UK Bans 500 Euro Note Sales 90% Involved With Crime - Ian Cruxton
500 Euro Note Currency Of Corruption
The UK The Serious Organised Crime Agency (SOCA) has announced that 9 in 10 (90%) of all 500 euro notes in the UK are in the hands of organised crime. This has led all sales of 500 euro notes being banned in the UK in an attempt to clamp down and stop its use by drug gangs and other criminals for moving and laundering huge sums of money from criminal activity.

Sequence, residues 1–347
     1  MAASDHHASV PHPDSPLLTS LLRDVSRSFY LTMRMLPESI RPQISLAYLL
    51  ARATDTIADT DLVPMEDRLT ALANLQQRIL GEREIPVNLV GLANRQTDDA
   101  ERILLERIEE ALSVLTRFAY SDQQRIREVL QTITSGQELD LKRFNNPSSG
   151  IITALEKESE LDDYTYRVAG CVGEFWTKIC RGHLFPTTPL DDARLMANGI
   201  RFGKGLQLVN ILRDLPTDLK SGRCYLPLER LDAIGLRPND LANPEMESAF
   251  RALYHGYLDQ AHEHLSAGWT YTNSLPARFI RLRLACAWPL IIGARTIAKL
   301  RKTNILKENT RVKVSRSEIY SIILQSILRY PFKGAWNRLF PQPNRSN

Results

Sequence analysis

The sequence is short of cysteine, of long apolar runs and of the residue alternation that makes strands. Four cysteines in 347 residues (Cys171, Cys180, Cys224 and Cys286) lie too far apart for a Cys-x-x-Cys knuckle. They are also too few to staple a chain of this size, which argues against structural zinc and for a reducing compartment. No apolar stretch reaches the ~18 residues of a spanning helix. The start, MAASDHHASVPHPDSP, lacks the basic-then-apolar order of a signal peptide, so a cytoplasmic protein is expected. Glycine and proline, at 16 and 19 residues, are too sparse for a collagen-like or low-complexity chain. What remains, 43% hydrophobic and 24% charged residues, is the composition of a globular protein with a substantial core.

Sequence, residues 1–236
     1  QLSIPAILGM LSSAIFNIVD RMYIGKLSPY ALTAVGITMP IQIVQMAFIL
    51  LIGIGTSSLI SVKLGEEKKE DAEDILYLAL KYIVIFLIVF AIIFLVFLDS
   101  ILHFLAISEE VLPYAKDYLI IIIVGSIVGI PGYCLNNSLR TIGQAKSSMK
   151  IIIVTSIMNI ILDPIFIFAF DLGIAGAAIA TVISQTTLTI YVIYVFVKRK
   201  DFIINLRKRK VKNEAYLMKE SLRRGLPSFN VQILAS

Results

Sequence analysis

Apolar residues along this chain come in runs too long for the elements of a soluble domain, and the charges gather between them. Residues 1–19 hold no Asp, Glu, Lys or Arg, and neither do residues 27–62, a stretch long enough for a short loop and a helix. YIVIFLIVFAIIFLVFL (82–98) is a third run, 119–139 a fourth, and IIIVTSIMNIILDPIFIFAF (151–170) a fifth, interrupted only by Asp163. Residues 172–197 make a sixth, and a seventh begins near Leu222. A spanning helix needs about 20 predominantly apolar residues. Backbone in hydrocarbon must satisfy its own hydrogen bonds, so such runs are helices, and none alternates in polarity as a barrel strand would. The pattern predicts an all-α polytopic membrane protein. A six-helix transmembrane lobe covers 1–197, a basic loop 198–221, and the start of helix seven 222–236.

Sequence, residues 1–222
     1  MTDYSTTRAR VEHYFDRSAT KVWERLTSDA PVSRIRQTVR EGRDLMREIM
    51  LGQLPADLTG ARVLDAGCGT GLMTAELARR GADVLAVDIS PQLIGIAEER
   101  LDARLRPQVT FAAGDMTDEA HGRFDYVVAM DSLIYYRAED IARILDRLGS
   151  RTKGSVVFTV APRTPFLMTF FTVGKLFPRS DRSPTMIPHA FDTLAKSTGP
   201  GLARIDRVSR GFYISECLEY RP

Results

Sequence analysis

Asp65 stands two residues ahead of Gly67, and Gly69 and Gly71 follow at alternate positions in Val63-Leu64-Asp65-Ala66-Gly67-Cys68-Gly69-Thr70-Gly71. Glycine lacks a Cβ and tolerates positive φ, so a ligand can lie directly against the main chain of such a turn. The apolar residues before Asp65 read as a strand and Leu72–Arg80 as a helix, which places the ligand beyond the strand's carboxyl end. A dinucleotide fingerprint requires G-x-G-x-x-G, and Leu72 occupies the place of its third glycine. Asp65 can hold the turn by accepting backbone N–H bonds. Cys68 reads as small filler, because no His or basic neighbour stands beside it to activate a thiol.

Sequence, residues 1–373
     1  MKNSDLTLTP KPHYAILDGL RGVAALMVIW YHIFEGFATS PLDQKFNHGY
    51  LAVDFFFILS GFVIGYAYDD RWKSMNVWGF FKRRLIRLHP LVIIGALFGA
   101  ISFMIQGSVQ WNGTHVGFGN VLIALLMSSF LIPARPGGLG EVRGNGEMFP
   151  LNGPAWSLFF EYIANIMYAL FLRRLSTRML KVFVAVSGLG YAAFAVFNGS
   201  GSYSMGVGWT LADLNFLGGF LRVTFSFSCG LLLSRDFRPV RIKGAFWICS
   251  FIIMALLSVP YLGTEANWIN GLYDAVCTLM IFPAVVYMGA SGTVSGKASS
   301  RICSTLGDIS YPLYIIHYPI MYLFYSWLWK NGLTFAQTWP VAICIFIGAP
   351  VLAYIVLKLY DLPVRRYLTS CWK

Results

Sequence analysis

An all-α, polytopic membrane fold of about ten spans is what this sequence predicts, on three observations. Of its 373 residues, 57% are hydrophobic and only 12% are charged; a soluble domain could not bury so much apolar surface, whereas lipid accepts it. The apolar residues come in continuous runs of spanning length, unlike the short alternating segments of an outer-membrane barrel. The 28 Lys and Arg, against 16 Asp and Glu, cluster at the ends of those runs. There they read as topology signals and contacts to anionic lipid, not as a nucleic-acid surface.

Visitors from abroad with 500 euro notes will be able to exchange them for smaller denomination notes but exchange bureaus will not give the note out to customers.
Ian Cruxton, Deputy Director of SOCA, said:
"The 500 euro note is really the note of choice among criminals".
One 500 euro note is worth over £400 and this makes it easier and more convenient for criminals to move huge amounts of sterling around in relatively small packages compared to sterling. The British trade in 500 euro notes is thought to be around 500 million euros.
The Serious Organised Crime Agency said there there was 'no credible legitimate use' for the notes - which are worth £426 each.